The subtle moments that have led us to the here and now are culminated in The Bedlam In Goliath, the band’s fourth studio release, and—like their first two records—it is also a conceptual piece. A hauntingly rich adventure, the album is the result of an on-the-whim trip taken to Jerusalem by Omar, and the mysterious talking board that he gave Cedric as a gift. “Omar stumbled upon this flea market one day (in Jerusalem), and was singled out by this guy who took him to this shop which was away from the flea market. It had a lot of occult items, a lot of taxidermy—a lot of stuff that I would love as a gift. He just found this talking board—really old and dilapidated—and it looked like an antique. So, he bought it for me because he knew I would like it.” What would start out as being a means to cure boredom on tour would become an item of fixation for Cedric and the band. “The more I played it, the more I tried to recreate that feeling of a first high. It just got to the point where Omar had to have an intervention because I was really, really into it.” Attached to the talking board was a poem that the band had translated, which revealed the story of an adulterous love triangle. “It kind of told the story of this honor killing that happens in Muslim society. I took a lot of common myths about Ouija boards, and essentially tried to tap into what it would be like to be deprived of human contact, and being under the foot of male oppression that goes on in that religion.”
But The Bedlam In Goliath is more than just the story of love that went wrong at the hands of an antiquated swain. Harrowing elements surrounded The Mars Volta all throughout the sessions for the album. Omar’s home studio in Brooklyn would experience the “random disappearances” of recorded tracks, and was even the subject of a flood. But as if the supernatural elements surrounding the record weren’t enough to contend with, drummer Jon Theodore more and more disliked being part of an eight-piece band—and he hated the sound and the direction the band was going in. “It’s like a bad marriage that went wrong,” says Cedric. “You live with people for so long you get to know what they’re really like. I realized he wasn’t in the band for the right reasons, and he wasn’t as in love with it as we were.”
Theodore’s departure from the band is the evidence that creativity and forward-thinking comes at a high price, but if any band can rise to the occasion, it’s The Mars Volta. After all, Cedric and Omar had been through tension like this before in their previous outfit, At The Drive-In. When At The Drive-In’s third album Relationship Of Command was released in 2000, they were poised to become the next darlings of a burgeoning (and terrible) post-hardcore/emo scene. Feeling restricted by the sound, Cedric and Omar opted to pull the plug on At The Drive-In, leaving a bitter rift between them and the rest of the band.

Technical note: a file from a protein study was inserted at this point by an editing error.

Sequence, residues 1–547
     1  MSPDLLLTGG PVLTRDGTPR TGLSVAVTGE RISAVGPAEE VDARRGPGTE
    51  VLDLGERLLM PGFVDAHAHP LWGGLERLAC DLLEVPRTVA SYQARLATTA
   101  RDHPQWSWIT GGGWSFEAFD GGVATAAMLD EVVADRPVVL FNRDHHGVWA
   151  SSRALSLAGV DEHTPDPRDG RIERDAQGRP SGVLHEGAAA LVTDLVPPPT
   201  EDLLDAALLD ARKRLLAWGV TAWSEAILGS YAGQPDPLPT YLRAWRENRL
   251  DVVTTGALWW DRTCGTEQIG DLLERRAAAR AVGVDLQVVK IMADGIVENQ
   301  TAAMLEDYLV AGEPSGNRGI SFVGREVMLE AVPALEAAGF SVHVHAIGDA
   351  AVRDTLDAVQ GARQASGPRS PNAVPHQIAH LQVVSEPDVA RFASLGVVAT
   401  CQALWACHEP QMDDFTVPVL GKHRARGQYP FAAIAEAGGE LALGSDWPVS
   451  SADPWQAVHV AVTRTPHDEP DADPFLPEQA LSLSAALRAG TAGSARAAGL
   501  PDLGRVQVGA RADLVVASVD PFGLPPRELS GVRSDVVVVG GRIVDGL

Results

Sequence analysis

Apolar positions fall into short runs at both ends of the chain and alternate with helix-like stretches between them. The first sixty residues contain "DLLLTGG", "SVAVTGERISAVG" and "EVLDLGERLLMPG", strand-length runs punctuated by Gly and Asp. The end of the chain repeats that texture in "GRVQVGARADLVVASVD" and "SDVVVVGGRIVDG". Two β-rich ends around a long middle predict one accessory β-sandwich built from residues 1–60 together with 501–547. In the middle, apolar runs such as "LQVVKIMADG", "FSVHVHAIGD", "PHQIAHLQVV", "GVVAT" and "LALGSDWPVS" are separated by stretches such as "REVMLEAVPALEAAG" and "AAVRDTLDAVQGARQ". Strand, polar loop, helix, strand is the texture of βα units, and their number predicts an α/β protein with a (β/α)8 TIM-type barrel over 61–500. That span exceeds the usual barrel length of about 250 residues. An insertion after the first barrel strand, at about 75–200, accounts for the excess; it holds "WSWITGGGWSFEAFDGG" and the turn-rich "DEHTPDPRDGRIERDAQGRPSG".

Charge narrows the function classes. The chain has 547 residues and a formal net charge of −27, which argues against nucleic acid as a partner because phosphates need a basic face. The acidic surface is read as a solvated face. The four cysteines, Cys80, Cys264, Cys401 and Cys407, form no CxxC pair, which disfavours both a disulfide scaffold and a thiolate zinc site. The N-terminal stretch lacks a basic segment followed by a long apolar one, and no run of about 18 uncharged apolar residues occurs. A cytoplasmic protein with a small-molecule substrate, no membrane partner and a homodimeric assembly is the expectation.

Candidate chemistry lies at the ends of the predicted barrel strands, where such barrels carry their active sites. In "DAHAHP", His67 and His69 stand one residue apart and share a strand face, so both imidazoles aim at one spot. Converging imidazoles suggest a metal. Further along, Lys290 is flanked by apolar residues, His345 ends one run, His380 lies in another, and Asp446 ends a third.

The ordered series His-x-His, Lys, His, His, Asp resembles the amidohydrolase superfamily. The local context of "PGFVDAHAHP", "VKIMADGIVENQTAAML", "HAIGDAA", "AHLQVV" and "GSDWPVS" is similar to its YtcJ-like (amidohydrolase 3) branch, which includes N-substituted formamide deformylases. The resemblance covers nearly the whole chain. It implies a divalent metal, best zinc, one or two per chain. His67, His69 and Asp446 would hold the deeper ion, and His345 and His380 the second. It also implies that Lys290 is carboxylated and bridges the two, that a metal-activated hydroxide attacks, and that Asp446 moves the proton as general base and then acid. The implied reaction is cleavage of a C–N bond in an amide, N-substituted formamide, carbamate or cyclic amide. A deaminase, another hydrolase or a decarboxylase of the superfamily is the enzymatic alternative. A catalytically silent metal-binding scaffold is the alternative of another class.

Still, there would be no such fireworks in The Mars Volta once Theodore expressed his disdain. “I think he’s a great drummer, but I just feel he’s been given this gift and he doesn’t take advantage of it. There are so many more things that he cares about that are extracurricular. I also think that a lot of people have the misconception that Jon Theodore wrote material, and that he wrote time signatures for the songs, but anyone who knows Omar knows that his songwriting is so specific that you could never stray from it, and anytime Jon was invited to contribute material, he never did. There was just tension growing because of that.”
Deantoni Parks was brought in to replace Theodore, but he left to fulfill obligations he had to another band. Then 24- year-old Thomas Pridgen was recruited to fill the empty space behind the kit, and listening to Cedric explain his impact, it appears there has been nothing but glory ever since his arrival. “Now that we have Thomas in the band, it’s a different attitude completely. It’s like this fountain of youth. It’s a lot of confidence. Now we have a happy pastor, and the sermons are fucking hilarious. And fun. We smile on stage, and we laugh and we make jokes… I feel as though I’m 23 years old!”
Separation and loss within the lineup of The Mars Volta aside, there will always be an aspect within the band that will strive to find a cause for celebration in even the darkest of places. “What is dominant in Latin cultures is the celebration of death… (our music is) sort of a New Orleans jazz funeral procession version of that.” Cedric, who lost many friends along the way while growing up in El Paso, makes a personal obligation to give tribute to the fallen. “I always felt it was my job to tell the world about these kinds of smaller spirits that didn’t get the chance that I got. I want to tell people because I am the way I am because of these people having touched my life.” He continues by saying, “Ya know, half of my family celebrates El Día de los Muertos—‘The Day of the Dead.’ It’s a celebration; (Death is) not something to fear. That’s a constant in our material—to embrace Part Two of the experience; it’s a celebration of the unknown, and it’s exhilarating.” Happy pastors, they are indeed.
The Mars Volta’s latest album, The Bedlam In Goliath, is in stores now. For more visit themarsvolta.com